“They let a child molester go free for more than a year, and this inaction directly allowed Nassar’s abuse to continue,” Maroney told the Senate Judiciary Committee after giving vivid details about Nassar’s abuse to the agent who interviewed him.
“What’s the point of reporting abuse if our own FBI agents are going to undertake to bury this report in a drawer?” she loved it.
Maroney, Biles, Maggie Nichols and Aly Raisman were attacked by former USA Gymnastics team doctor Nassar, who is now serving several decades in prison.
“The FBI turned a blind eye to us and went out of its way to help protect,” Biles testified, holding back tears, of the United States Gymnastics and United States Olympic and Paralympic Committee.
“A message needs to be conveyed: If you allow a predator to harm children, the consequences will be swift and severe. Enough,” he said.
The allegations against Nassar were first brought to the agency in July 2015. Several protocol violations resulted in months of delay, as evidenced by the Justice Department inspector general’s report published in July.
As the federal investigation weakened, Nassar abused numerous victims, according to the inspector general’s report.
The report said FBI officials “did not respond to the Nassar allegations with the utmost seriousness and urgency they deserve and needed, making numerous and fundamental mistakes in responding and violating multiple FBI policies.”
Maroney introduced herself as the gymnast described — but not named — in the report that spoke to the FBI about her allegations in September 2015. The agent interviewing him violated important FBI procedures and made false statements in a summary the agent wrote. More than a year later interview, according to the inspector general’s report.
He and others criticized the Justice Department for their decision not to prosecute the agent, as well as an FBI supervisor who was accused of mishandling the investigation and later making false statements about it, according to the IG report.
Senate Judiciary Chairman Dick Durbin stated at the beginning of the hearing how sports institutions failed to protect athletes from abuse.
“The fact that these failures come from law enforcement themselves is a shock to the conscience,” Durbin said.
Justice Department Inspector General Michael Horowitz and FBI Director Chris Wray will also testify.
Nassar pleaded guilty to seven counts of sexual misconduct in 2018 in a lawsuit filed by the Michigan attorney general. He was sentenced to between 40 and 175 years in prison after more than 150 women and girls said in court that they had been sexually abused in the past two decades.
In recent weeks, an FBI agent accused in the inspector general’s report for not starting a proper investigation has been fired by the FBI, US law enforcement officials told CNN.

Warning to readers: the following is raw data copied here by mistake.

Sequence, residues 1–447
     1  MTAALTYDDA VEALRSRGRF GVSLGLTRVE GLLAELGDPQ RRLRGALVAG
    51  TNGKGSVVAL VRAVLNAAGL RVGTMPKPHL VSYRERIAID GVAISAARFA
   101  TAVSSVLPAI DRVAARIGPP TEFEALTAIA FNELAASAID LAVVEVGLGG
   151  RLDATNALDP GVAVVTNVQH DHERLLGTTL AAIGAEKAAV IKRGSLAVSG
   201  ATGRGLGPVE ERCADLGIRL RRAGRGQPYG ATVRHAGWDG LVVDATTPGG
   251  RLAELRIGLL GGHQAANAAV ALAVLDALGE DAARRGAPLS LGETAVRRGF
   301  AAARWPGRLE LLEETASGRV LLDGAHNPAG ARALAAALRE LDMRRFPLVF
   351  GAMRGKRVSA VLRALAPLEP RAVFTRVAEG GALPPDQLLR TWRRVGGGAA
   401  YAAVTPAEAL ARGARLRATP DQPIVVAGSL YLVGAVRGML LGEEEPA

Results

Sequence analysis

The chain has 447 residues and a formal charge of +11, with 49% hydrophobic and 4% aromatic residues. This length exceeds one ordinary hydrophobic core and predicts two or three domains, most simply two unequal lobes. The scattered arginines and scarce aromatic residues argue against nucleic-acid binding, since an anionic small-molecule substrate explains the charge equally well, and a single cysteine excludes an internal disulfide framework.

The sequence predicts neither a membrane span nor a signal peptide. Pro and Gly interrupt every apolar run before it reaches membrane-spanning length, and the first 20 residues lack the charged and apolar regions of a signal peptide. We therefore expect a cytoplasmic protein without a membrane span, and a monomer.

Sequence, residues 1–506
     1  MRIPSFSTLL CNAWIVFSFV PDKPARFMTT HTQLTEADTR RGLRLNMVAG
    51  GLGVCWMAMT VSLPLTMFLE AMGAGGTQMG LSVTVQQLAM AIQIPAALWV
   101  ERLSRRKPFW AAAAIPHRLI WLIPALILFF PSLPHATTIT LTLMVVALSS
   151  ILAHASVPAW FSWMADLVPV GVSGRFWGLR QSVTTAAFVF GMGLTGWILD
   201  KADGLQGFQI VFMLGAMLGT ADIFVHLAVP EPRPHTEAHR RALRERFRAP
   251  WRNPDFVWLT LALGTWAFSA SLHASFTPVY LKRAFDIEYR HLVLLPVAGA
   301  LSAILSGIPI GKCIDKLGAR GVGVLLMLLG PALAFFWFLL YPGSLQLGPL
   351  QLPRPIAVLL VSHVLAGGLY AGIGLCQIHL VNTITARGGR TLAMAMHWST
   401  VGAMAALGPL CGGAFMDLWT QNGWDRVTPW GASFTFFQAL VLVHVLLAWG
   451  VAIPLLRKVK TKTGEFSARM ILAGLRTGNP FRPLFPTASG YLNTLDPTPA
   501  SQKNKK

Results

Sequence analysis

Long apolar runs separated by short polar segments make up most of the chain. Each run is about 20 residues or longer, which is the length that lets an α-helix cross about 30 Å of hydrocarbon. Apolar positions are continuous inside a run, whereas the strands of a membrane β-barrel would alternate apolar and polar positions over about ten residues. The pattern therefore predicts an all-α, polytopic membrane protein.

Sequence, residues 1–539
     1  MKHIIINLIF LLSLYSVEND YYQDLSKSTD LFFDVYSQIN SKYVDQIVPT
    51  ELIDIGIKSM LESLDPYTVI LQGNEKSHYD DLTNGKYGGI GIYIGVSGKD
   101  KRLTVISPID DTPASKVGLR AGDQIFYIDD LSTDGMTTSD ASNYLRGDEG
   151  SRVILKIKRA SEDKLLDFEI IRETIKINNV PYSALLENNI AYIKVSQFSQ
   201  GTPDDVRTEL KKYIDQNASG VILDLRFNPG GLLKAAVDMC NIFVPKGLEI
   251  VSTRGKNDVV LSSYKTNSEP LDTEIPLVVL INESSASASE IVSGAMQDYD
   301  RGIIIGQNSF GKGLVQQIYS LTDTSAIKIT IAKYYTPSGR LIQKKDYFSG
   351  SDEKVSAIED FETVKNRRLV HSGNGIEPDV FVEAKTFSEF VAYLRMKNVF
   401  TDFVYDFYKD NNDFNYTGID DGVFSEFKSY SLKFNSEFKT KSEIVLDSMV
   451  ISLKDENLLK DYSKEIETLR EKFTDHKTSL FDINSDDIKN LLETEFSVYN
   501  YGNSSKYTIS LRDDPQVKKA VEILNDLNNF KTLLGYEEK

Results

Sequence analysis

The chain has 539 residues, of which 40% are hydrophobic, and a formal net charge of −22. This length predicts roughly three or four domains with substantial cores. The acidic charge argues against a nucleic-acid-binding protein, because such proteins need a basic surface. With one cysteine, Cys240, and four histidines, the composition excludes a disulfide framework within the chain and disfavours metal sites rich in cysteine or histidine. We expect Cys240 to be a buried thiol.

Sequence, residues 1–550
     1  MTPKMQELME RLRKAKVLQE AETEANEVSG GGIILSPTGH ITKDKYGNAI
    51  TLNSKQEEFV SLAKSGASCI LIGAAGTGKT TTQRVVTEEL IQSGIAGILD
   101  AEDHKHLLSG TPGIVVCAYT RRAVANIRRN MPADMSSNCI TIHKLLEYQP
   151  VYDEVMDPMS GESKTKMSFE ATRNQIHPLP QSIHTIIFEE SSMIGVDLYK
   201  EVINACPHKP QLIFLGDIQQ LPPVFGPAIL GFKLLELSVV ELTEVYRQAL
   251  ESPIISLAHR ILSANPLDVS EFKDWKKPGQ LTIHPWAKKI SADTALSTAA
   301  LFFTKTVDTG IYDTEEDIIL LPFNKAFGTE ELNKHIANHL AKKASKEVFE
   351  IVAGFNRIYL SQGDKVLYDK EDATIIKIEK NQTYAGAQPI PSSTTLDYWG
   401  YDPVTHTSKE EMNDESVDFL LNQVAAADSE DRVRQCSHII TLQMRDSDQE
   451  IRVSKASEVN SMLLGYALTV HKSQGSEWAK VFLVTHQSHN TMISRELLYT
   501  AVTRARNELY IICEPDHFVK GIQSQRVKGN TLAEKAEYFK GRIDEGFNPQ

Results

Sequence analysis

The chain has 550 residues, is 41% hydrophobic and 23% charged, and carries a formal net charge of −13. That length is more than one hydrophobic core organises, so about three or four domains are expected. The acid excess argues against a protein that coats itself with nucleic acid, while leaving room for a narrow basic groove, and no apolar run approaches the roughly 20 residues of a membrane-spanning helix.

Gymnasts who want to talk
All of the gymnasts who testified on Wednesday had previously spoken publicly about being victims of Nassar’s abuse. Nassar, who also works at Michigan State University, inappropriately touched athletes in the name of administering medical treatment.
Biles, who has won seven Olympic medals as well as multiple world and national championships, explained that he was motivated to compete at the Tokyo Summer Olympics this year, in part because it would force the sport to confront its shortcomings in protecting its athletes.
“If it wasn’t for a survivor in the sport, they would have thrown it away,” Biles told NBC’s Hoda Kotb. “But since I’m still here and I have quite a social media presence and platform, they need to do something.”
“Monsters don’t thrive,” Raisman said on CNN’s “New Day” in March, while also criticizing how Nassar and others were allowed to get away with harassing gymnasts for so long, winning Olympic medals in 2012 and 2016. for decades without people’s help.”
Raisman, fellow Olympian Maroney, and Nichols, who competed on the USA’s 2015 world championship team, made public statements in the lawsuit against Nassar.
Nichols reported Nassar to USA Gymnastics in 2015, alleging that his inappropriate touching began when Nassar was 15, and that he also sent Facebook messages complimenting his appearance.
Bipartisan rage on Capitol Hill
The appearance of Wray and Horowitz before the committee will be the last time officials are subject to intense questioning on Capitol Hill. During President Donald Trump’s administration, Wray, who was confirmed as director in 2017, has repeatedly faced Republican hostility over the FBI’s investigation into the campaign’s Russia links.
More recently, Democrats have questioned Wray about the FBI’s lack of preparation for the January 6 attack on the U.S. Capitol.
Anger at Nassar has united lawmakers from both sides because investigating the FBI’s failures has bipartisan support.
“The FBI, including this juvenile unit, placed its publicity and image ahead of victim protection in this case,” said GOP Senator Chuck Grassley of Iowa.
“Any authorized person who turns a blind eye to the allegations of these young athletes is complicit in Nassar’s crimes and each should be considered a predator,” said Tennessee Republican Senator Marsha Blackburn.
Lawmakers also crossed the road to support legislation aimed at holding universities accountable for failing to protect students from sexual abuse.
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